Does Title VII apply to harassing behavior on the part of employers?

Yes, Title VII prohibits much racial, sexual, or religious harassment in the employment relationship. Title VII protects employees from such harassment if such harassment is unwelcome and is severe or pervasive. The severe and pervasive requirement means that the harassment must be more than an occasional bad comment but generally must occur enough that it makes it much more difficult for an employee to do his or her job. As several courts have written, Title VII is not a general civility code. In legal parlance, it must alter the terms and conditions of the workplace.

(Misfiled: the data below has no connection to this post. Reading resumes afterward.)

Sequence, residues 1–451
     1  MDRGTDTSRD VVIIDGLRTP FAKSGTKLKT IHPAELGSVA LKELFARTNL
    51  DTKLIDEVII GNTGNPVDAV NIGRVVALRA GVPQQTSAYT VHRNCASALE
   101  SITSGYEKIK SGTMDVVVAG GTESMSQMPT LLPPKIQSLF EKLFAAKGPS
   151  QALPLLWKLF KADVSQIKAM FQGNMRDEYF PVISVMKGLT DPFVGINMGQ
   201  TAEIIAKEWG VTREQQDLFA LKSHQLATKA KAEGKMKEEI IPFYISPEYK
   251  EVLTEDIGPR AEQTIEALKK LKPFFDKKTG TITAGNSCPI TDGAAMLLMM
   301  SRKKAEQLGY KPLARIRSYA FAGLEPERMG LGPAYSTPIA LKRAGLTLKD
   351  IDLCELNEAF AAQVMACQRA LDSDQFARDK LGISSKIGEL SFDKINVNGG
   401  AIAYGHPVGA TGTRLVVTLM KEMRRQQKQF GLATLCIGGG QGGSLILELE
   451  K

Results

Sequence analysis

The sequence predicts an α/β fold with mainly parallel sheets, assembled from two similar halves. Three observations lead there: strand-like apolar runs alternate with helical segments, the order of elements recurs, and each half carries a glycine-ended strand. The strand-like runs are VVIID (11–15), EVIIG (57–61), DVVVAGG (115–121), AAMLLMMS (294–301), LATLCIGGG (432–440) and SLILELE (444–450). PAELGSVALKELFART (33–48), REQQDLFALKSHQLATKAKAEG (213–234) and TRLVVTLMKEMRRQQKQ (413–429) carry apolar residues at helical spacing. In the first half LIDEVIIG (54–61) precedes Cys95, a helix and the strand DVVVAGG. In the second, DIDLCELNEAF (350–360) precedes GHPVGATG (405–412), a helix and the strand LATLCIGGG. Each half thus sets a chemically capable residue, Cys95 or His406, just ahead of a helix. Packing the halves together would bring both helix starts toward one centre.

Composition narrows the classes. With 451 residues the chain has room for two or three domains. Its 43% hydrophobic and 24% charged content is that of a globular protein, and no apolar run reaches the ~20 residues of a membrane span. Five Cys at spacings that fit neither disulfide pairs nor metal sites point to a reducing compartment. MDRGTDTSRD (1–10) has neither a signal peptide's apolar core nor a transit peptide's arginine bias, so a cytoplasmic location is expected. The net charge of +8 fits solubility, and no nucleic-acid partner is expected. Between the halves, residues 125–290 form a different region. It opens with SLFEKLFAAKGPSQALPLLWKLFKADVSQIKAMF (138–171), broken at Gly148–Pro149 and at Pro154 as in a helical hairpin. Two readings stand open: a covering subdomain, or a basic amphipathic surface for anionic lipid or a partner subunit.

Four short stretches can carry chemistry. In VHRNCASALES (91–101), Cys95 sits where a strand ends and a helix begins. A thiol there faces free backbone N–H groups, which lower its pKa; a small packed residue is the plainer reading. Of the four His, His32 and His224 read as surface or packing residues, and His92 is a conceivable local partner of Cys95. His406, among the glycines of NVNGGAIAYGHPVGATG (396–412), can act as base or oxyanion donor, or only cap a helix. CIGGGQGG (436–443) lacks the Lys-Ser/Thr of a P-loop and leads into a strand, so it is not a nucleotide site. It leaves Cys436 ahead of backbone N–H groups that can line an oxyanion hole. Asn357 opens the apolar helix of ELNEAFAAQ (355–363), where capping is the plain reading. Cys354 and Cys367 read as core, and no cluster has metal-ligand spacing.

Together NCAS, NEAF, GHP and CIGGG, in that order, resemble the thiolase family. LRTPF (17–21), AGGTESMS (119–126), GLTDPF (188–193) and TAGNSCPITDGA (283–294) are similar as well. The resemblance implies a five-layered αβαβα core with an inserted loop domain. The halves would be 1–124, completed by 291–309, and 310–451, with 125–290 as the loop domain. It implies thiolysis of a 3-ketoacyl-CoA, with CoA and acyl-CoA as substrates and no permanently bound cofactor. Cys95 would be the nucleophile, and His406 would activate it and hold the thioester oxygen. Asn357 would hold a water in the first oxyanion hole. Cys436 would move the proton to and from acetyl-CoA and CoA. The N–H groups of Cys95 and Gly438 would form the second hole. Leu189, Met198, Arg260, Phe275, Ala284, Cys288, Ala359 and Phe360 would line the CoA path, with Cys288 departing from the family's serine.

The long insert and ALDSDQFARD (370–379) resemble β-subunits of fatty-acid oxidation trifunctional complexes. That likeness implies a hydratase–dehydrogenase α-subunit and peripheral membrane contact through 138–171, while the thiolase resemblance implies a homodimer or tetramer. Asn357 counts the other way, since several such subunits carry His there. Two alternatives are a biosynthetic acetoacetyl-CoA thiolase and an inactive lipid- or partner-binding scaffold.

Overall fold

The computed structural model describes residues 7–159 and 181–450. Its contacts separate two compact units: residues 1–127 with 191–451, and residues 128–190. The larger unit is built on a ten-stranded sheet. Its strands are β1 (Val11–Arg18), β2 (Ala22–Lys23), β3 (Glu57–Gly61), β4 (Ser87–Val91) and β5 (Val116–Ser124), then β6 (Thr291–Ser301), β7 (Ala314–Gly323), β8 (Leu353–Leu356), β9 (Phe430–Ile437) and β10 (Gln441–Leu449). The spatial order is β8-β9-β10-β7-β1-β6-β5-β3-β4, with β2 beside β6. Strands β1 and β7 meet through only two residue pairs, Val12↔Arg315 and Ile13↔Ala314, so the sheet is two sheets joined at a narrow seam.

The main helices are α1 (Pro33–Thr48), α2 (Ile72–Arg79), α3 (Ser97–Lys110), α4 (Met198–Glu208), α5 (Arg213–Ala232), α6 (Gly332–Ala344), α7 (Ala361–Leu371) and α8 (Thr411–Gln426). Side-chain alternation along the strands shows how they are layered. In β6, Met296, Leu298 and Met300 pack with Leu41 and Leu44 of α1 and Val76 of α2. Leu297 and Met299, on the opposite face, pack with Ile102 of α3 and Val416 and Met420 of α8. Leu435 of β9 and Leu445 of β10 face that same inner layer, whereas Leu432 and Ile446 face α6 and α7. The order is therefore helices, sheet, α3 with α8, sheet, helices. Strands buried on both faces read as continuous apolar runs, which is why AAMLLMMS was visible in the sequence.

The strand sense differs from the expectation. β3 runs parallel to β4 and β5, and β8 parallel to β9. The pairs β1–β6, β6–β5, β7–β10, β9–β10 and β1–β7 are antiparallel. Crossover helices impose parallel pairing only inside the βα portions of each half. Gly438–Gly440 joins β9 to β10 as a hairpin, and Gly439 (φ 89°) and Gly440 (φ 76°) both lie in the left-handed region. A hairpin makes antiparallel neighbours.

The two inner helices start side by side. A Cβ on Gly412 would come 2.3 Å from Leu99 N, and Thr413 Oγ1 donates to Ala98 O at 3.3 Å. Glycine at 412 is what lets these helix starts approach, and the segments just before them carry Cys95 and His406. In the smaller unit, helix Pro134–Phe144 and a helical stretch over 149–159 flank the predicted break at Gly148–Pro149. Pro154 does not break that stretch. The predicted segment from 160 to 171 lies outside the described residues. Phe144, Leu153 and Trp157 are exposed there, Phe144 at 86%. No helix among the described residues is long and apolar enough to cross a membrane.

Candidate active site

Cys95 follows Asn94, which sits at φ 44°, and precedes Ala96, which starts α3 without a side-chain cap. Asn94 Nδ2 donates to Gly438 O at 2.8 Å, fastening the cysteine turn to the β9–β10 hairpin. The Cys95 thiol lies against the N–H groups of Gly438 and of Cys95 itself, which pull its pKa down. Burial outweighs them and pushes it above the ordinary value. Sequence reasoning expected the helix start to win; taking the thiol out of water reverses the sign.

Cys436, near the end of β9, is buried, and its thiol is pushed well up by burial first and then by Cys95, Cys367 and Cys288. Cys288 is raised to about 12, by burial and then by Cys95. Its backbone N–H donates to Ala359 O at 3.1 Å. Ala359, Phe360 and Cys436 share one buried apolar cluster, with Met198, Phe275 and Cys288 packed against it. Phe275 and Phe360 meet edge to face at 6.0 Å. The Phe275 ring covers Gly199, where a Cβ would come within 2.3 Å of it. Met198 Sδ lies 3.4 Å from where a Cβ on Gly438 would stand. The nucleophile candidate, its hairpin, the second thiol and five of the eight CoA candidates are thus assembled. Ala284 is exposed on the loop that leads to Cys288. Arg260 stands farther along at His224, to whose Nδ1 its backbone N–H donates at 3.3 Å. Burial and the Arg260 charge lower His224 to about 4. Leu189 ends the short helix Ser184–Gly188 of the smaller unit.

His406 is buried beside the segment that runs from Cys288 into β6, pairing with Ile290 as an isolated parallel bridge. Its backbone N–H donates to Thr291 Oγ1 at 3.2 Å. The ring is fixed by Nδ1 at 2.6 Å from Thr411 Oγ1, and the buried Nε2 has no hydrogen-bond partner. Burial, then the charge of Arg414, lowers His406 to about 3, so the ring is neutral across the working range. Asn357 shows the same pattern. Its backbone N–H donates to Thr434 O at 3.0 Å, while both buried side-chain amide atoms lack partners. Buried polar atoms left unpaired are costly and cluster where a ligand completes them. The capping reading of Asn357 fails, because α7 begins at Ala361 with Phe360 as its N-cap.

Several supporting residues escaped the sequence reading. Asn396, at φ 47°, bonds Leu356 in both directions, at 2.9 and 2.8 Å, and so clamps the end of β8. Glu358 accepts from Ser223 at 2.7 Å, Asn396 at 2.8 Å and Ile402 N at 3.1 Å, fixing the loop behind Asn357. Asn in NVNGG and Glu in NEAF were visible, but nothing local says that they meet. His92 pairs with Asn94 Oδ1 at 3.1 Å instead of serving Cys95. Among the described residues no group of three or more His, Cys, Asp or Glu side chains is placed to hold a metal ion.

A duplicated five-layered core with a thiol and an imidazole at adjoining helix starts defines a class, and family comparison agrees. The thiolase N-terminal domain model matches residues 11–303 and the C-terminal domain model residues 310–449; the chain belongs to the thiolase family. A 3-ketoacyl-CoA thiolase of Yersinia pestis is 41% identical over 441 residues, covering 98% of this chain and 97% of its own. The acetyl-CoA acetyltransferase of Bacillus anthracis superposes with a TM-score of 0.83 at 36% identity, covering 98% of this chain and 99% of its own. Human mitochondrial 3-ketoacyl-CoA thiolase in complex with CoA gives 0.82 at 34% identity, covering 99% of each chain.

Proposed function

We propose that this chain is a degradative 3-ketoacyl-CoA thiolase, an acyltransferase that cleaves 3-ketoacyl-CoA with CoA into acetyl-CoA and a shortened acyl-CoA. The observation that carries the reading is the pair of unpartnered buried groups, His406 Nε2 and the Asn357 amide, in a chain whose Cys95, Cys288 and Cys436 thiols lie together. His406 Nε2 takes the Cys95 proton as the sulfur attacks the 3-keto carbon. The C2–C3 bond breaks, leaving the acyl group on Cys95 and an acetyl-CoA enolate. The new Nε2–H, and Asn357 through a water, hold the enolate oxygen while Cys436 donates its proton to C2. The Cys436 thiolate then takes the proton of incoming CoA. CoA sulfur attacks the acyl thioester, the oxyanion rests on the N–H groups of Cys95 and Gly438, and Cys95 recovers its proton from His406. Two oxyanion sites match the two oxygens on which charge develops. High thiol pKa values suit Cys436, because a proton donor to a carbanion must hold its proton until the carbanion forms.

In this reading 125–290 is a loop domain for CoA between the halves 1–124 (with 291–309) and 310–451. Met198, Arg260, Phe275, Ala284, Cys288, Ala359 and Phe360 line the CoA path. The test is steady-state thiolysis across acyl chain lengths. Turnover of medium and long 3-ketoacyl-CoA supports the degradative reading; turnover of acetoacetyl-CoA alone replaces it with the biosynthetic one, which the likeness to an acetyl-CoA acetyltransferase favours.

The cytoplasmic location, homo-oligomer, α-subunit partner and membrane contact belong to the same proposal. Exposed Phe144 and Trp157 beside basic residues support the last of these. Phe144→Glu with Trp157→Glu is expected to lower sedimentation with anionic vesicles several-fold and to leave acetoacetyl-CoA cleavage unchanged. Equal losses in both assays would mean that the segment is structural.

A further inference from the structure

The U.S. Supreme Court also has distinguished between harassment committed by a co-employee and harassment committed by a supervisor. If the harassment is committed by a co-employee, the employer is liable if the employer knew or should have known of the harassing behavior. If the harassment was committed by a supervisory employee and the employee was discharged or suffers another similar type of tangible employment action, then the employer may be strictly liable.